Rep. John Ratcliffe (R-Texas) on Friday introduced a bill aimed at helping state and local law enforcement fight cyber crime.
The legislation would authorize the National Computer Forensics Institute, a federally funded training center in Hoover, Ala., that has trained thousands of local officials across the country in investigating electronic crimes.
Ratcliffe, who chairs the House Homeland Security Subcommittee on Cybersecurity and Infrastructure Protection, said the bill would ensure that law enforcement officials have the training they need to address the surge of cyber crime.
The institute was set up in 2008 based on the Secret Service's cyber investigation strategy and has trained more than 6,000 local officials in conducting electronic crimes investigations.
Ratcliffe introduced similar legislation to fight cyber crime that passed the House in 2015, though it never went to the Senate floor for a vote. An aide to the congressman told The Hill that the new legislation is expected to have more traction in the Senate this year.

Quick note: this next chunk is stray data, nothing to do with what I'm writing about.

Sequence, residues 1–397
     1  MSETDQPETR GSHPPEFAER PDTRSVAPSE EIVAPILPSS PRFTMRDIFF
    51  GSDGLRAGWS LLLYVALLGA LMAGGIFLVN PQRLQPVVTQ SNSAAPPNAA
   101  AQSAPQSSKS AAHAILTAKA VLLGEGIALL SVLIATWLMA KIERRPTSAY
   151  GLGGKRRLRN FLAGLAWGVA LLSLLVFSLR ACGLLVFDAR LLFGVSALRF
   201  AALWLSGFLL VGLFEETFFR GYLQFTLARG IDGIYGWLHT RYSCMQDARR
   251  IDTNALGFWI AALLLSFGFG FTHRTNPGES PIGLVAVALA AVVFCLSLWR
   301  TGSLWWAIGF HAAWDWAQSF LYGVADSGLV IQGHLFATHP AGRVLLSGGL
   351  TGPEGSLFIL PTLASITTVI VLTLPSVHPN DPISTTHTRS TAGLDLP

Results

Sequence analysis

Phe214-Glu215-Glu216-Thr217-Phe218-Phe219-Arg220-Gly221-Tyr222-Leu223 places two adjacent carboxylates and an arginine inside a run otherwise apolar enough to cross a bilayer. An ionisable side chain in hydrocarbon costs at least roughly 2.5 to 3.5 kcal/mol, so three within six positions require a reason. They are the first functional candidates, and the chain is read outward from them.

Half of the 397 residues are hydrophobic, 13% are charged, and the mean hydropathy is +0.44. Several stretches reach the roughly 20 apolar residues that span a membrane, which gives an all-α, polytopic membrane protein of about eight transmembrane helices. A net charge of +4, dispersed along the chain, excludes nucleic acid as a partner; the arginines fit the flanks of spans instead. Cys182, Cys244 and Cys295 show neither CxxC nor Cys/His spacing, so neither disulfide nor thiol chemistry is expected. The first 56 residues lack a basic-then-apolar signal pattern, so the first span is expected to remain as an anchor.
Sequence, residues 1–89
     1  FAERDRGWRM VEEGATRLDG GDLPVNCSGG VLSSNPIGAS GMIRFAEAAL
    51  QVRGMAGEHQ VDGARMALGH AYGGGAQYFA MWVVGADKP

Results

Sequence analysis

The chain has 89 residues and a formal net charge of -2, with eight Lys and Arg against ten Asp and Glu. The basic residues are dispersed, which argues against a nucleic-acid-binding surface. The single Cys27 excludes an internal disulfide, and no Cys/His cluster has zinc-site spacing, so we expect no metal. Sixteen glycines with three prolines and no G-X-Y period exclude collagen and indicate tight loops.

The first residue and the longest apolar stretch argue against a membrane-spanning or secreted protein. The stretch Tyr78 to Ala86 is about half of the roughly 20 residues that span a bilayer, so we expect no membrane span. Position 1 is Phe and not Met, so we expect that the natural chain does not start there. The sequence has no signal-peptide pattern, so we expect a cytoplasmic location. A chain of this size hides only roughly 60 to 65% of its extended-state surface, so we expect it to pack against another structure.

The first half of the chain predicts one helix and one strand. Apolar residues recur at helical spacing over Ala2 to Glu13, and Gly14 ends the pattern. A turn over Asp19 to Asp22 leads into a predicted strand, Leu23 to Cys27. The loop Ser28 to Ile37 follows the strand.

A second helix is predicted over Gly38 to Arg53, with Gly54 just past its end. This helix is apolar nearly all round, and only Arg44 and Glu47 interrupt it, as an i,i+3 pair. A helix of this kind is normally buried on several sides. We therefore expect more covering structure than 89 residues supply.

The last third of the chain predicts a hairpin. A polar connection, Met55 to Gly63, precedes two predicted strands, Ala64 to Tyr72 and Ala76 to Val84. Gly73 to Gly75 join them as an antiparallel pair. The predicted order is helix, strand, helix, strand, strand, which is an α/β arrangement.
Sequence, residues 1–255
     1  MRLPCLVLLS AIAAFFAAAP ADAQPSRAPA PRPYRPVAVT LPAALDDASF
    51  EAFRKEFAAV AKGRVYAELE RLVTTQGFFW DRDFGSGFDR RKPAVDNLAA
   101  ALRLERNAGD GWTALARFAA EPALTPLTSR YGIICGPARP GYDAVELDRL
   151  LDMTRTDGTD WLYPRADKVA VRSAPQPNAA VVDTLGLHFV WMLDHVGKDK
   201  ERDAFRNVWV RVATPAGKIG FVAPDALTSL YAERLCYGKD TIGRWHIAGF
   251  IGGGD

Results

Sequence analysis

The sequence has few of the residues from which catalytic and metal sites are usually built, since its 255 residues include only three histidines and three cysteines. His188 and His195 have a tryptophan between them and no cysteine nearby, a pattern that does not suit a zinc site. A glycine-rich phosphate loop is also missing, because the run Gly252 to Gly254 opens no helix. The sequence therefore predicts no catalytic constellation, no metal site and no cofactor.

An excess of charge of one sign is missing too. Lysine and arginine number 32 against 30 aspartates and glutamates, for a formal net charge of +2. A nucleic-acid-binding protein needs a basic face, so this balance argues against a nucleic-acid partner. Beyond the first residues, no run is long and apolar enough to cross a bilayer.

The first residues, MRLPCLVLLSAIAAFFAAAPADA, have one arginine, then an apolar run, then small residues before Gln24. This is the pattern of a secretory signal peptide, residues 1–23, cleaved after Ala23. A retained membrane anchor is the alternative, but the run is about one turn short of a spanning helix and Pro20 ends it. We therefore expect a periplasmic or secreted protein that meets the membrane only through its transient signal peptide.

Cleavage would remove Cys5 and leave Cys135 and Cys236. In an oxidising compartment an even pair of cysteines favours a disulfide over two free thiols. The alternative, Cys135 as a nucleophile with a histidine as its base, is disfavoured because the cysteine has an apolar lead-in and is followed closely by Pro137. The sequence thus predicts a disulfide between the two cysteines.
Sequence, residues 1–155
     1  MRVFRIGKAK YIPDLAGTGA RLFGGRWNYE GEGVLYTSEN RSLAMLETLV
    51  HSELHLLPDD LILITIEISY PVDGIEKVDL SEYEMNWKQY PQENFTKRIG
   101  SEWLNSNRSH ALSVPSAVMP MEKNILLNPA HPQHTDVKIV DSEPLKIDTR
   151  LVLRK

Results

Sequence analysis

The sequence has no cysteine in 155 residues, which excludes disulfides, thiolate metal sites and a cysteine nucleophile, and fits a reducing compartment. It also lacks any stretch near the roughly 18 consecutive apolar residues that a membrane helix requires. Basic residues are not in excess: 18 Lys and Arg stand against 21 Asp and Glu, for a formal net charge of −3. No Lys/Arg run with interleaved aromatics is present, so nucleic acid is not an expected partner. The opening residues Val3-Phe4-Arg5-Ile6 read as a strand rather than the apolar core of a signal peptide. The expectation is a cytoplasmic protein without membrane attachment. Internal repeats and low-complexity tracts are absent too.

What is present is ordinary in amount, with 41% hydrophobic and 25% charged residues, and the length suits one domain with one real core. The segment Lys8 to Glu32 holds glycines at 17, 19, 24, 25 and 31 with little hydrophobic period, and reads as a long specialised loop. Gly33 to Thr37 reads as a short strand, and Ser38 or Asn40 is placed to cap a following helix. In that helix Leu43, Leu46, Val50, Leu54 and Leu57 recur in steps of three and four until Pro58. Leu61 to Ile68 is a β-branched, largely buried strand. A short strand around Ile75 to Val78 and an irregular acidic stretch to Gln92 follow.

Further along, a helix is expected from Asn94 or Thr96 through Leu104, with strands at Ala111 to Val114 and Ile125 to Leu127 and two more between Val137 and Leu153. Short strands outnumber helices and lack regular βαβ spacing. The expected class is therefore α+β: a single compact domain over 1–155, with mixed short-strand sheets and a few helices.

“We’ve all seen crime shows on TV where pieces of DNA evidence — a strand of hair or a drop of blood — solve the case. But in today’s world, we also have to consider digital evidence. This could be an email that was sent, an online purchase, or geolocation technology that places an individual at the scene of a crime,” Ratcliffe said in a statement on Friday.
“Cyber elements add layers of complexity to the crimes our local law enforcement officers face every day — and we’ve got to make sure they have access to the training they need to address this trend. My bill will authorize the National Computer Forensics Institute to do just that,” he said.